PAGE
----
Terra: A Whole New World – Paris, France
Traveling overseas for the first time is a very exciting experience for me. Of course, the second and third times are great too, but the first time has a certain je ne sais quoi, a newness, that the other times don’t.
I embark on my journey to France as an American who grew up in a world that speaks only English. Sure there are French and Spanish classes at school. I take French, and some of my friends speak Spanish to their families and in their homes. However, I do not have to use any language besides English in real world situations. I’ve been to Canada- to Toronto, Ottawa and Montreal. Even in Montreal, the second largest French speaking city in the world, it is easy to isolate myself in my own little Anglophone bubble. I speak only to my family, and there is no need to use French with shop keepers, since all of them will speak to me in English.
When I go to France, I have the comfort of traveling alongside my American group members. However, outside of that, most everything is different. The airport is has 50 languages and twice as many cultures. This is not such an immense shock, since it is not all that different from airports in the United States. However, the loud speaker greets me saying Bonjour and Bienvenue before ever saying good morning or welcome. This is a prelude for what is to come next, since I am about to enter into a world where the language most familiar to me is not the chosen one.
Once the whole group is finally out of the airport, we all file onto a tour bus ready to drive to our hotel. As we ride though the thin way left for us in the airport’s lot, I notice that the cars here are different from those in the U.S. Back home, I would expect to see more trucks and minivans. These are more petit, almost having the appearance of electronically-run cars.
My blood is pumping. I’m in Paris – the city of lights and love! This is the same Paris as in “The Hunchback of Notre Dame” and “Les Misérables.” It’s the home of Voltaire, and the French Revolution. Within this city lye structures such as the Eiffel Tower and the Arche de Triomphe. These are two among many others that I hear so much about, and have yet to see.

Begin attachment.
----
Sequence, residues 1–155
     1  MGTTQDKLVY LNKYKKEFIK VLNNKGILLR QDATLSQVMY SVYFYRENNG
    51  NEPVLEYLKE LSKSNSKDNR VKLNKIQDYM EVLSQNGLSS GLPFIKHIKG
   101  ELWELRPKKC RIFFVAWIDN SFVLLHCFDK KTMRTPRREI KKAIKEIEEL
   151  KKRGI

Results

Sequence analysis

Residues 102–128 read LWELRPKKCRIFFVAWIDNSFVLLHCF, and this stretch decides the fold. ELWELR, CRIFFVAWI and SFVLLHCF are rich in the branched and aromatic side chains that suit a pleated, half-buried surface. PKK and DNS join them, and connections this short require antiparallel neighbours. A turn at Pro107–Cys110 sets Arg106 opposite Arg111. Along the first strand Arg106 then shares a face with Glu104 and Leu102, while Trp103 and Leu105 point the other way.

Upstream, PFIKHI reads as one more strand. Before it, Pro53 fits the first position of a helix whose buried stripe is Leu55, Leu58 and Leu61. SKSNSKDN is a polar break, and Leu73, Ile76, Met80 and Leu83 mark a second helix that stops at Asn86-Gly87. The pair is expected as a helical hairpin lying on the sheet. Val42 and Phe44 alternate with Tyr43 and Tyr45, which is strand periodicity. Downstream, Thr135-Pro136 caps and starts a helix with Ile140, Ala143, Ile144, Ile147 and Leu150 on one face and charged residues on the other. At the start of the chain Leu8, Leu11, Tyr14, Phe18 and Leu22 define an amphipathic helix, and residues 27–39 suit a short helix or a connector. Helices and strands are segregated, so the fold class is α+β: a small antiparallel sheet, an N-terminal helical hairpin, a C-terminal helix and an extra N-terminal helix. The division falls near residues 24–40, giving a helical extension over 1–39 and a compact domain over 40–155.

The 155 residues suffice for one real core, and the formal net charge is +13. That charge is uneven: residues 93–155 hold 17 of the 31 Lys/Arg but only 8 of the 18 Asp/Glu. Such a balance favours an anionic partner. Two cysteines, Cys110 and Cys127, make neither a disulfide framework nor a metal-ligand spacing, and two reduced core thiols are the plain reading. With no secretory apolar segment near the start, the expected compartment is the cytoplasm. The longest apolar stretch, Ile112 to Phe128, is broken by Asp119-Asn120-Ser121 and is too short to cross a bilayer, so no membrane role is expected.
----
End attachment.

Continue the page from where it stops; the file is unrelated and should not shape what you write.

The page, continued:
The famous city is an antique maze of intricate windows and vibrant shop fronts. Even being surrounded by so much business is different for me as a girl who was born and raised in a small town. There are people everywhere, walking this way and that. One carries a baguette. Two others link elbows. Every few hundred meters or so, I see a bike rack, and I imagine how it would feel to be riding through Paris on a bike rather than in a bus. It must be a completely different experience. I could swerve through narrow alley ways, the wind in my hair, seeing things at a ground level, how a Parisian might see them.
Our hotel is not fancy, but it is well furnished, with a few elegant touches, such as the marble surface of the front desk, and the hanging lamp with silver filigree. It looks much like any nice, modestly priced American hotel. However, any illusion signaling that I’m home is gone in a second.
“Puis-je vous aider?” asks the woman at the front desk. When my group leader responds to her in French, I realize that this is not just any vacation. This is an opportunity- an almost vital one. On this vacation, I am going to have to step out of my comfort zone, and use the limited French skills that I do have to communicate with people outside of my group. Before long, my group leader starts to call group members up to receive their room keys. After being given mine, I begin to walk triumphantly toward the staircase. I’m ready to leave my luggage behind.
Marcella Del Plato